UNMC research team makes ophthalmology breakthrough

UNMC research team makes ophthalmology breakthrough
The three lead researchers for UNMC were (left-right) Channabasavaiah (Guru) Gurumurthy, Ph.D., Justin Grassmeyer, Ph.D., and Wallace Thoreson, Ph.D.

OMAHA – A University of Nebraska Medical Center research team that includes a Fremont native has used special mice to determine the importance of the calcium sensor protein in initiating the eyesight process. The research appears in the June 7 online version of eLife, a high-impact journal that helps scientists accelerate research communication and discovery through its innovative open-source tool.

Fremont native Justin Grassmeyer, Ph.D., an M.D./Ph.D. student at UNMC, is the first author on the study. He used a novel mouse line to selectively eliminate Syt1 from either the rod or cone photoreceptor cells.  He also completed an array of difficult experiments to show that Syt1 is the principal calcium sensor in both rods and cones.

Rods and cones are the photoreceptors in the retina that capture light, convert light energy into neural signals, and then transmit those signals to downstream neurons, beginning the process of vision.  Rods are essential for night vision, while cones are essential to day vision.

Two research technicians in ophthalmology and visual sciences, Asia Cahill and Cody Barta, and Cassandra Hays, a graduate research assistant in cellular/integrative physiology, assisted Dr. Grassmeyer in his experiments.

The role of the calcium sensor protein, known as synaptotagmin (Syt1), in interacting with rod and cone photoreceptor cells in the retina has been a long-standing question in what occurs in the beginning process of vision.

In the research study, Syt1 was selectively eliminated from specific cell types in mice by using a breakthrough technology in genome engineering known as Easi-CRISPR developed at UNMC.  As the acronym implies, this technique allows scientists to custom-engineer important animal research models much more rapidly and at a significantly lower cost.

Syt1 is critical to many nerve cells and so eliminating it from the body causes mice to die within 48 hours after birth, before the retina is fully formed. To study this essential protein, the research team – headed by Wallace Thoreson, Ph.D., the Gilmore Professor of Ophthalmology and Visual Sciences and director of research for the Stanley M. Truhlsen Eye Institute at UNMC – selectively deleted Syt1 from rod and cone photoreceptor cells in the retina of the eye.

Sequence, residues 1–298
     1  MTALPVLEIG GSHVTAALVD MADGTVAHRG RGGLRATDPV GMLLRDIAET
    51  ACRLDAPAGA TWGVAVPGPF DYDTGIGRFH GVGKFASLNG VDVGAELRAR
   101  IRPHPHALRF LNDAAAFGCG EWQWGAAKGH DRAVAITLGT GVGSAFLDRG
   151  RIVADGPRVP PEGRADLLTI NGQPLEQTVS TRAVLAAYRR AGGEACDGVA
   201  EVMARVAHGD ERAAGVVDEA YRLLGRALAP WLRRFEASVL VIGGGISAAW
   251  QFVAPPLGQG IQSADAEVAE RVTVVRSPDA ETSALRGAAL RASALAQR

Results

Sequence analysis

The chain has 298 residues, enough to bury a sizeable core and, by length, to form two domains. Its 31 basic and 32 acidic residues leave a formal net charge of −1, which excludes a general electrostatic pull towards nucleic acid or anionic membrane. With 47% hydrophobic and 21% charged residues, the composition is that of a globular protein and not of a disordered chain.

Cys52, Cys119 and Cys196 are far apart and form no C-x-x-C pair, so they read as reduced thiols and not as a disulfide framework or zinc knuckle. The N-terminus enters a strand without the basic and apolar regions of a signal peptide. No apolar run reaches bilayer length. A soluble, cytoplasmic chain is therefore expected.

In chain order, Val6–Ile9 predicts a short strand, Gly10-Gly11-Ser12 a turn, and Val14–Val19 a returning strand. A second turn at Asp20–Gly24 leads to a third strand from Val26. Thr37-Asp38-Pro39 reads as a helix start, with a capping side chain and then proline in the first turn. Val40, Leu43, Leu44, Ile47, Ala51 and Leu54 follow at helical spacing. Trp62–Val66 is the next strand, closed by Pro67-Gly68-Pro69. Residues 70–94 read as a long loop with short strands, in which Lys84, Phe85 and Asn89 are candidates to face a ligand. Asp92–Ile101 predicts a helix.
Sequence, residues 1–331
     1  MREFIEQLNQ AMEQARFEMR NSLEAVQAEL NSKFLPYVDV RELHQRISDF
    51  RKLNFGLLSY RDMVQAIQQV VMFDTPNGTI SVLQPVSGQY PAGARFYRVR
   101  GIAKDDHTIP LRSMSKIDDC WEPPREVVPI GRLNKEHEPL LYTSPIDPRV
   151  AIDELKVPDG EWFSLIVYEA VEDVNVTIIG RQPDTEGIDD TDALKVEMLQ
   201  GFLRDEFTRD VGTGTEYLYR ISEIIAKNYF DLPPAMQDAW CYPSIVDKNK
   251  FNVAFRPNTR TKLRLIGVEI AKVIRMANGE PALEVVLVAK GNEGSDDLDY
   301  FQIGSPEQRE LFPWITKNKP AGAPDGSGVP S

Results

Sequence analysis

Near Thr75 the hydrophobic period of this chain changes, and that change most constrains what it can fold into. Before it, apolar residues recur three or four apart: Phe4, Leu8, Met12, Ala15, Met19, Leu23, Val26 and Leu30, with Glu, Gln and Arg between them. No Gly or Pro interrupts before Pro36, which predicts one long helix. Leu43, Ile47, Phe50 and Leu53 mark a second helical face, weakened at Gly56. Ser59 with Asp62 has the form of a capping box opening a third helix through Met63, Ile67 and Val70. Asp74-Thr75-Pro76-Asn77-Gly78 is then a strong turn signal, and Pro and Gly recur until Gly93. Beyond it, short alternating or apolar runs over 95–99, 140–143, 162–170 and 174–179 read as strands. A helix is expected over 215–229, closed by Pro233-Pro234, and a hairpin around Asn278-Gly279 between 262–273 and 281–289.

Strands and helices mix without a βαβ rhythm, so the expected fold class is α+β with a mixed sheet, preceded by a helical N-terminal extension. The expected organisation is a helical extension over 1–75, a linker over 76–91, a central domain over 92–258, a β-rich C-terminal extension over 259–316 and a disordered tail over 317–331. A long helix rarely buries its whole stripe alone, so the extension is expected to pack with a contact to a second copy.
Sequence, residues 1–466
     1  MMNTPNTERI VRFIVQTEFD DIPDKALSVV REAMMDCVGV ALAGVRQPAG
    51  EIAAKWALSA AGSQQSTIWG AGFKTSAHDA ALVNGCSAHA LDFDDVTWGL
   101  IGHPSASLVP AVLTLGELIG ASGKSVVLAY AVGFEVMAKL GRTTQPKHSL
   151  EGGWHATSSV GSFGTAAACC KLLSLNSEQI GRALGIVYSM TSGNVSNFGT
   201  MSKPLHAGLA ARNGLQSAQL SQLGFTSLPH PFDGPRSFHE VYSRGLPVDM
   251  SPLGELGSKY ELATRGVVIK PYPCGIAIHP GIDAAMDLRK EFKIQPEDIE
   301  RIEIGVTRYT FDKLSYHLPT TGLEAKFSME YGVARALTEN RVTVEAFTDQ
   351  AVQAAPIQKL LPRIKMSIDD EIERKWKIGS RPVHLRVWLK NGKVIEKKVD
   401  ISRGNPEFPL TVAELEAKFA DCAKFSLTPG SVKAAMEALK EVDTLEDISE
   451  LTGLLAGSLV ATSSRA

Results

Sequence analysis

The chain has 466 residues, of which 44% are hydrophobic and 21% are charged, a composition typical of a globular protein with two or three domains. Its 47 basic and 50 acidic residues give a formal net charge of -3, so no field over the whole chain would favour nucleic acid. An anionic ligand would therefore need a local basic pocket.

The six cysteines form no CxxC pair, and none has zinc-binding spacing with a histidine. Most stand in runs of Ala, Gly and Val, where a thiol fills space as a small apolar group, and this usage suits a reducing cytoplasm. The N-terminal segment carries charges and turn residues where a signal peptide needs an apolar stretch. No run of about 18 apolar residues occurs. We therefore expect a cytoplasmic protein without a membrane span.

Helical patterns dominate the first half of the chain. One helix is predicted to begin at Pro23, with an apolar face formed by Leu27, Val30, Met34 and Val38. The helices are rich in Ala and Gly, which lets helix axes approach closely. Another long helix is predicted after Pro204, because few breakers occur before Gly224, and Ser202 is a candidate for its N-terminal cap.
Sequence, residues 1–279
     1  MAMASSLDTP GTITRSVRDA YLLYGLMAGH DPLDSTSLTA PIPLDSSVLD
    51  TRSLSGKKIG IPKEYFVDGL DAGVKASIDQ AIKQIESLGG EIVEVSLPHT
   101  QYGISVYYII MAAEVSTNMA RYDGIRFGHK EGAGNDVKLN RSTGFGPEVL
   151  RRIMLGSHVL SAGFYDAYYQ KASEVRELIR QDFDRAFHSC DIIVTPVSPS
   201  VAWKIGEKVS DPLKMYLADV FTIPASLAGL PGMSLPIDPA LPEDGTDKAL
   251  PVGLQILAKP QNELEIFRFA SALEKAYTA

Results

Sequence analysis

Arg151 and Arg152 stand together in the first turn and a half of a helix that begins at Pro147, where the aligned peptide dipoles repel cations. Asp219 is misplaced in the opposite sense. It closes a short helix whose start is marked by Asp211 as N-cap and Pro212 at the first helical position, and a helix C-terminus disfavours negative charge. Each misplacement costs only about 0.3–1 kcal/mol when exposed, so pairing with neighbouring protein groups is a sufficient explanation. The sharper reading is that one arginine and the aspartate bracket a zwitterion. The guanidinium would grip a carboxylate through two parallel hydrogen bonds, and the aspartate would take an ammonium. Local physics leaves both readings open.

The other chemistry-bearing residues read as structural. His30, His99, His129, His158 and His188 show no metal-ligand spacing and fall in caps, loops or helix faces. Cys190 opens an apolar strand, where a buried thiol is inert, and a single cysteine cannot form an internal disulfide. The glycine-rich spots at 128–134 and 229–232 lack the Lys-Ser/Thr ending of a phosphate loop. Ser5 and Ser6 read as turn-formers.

“We knew that the calcium sensor used by rods and cones of amphibians has some unusual properties,” Dr. Thoreson said, “and so we were surprised that Syt1 plays such a key role in mice. We proved that – without Syt1 – the mice couldn’t transmit the signals to the brain that begin the vision process.”

Dr. Thoreson said the research highlights how important Syt1 is to the overall health of the whole body and ultimately could help scientists conducting research on a variety of eye and brain diseases in the future. He noted that while mutations to Syt1 are often lethal, Syt1 also has been linked to neurological deficits.

“If you want to fix the broken clock, it’s important to know how the clock runs in the first place,” said Dr. Thoreson, who was senior author on the paper. “We now have a much better understanding of how important Syt1 is to brain and retinal function. This is critical information that will benefit researchers worldwide.”

Dr. Thoreson recognized Channabasavaiah (Guru) Gurumurthy, Ph.D., associate professor, pharmacology & experimental neuroscience, and director of the Mouse Genome Engineering Core Facility for his work with Easi-CRISPR that created the genetically modified mice that were essential for this research. In 2017, Dr. Gurumurthy and his longtime collaborator, Masato Ohtsuka, Ph.D., of Japan’s Tokai University, developed the Easi-CRISPR technique.

“There are about 20,000 genes in mice,” Dr. Gurumurthy said. “Some – such as Syt1 – are very essential. We know that without Syt1 the mice will die. It’s like taking a heart away from a person. You can’t do it or they will die.”

Using the Easi-CRISPR technology, a gene can be inactivated in a given tissue rather than in the whole organism (called conditional knockouts). Conditional knockouts do not die, and they can be used for biological studies.

“More than a dozen different mouse models were generated in the proof of concept Easi-CRISPR study that was published about two years ago. The Syt1 mouse is the first of those to be characterized to solve a biological problem,” Dr. Gurumurthy said.

Dr. Gurumurthy was assisted by two key people at UNMC – Rolen Quadros, transgenic researcher, and Don Harms, transgenic specialist – in developing the knockout mice.

The first mouse was engineered in about three months and the remaining mice used in the study were bred over the course of about two years. Dr. Gurumurthy said creating these mice in two years with Easi-CRISPR is about half the time it would typically take with the traditional methods.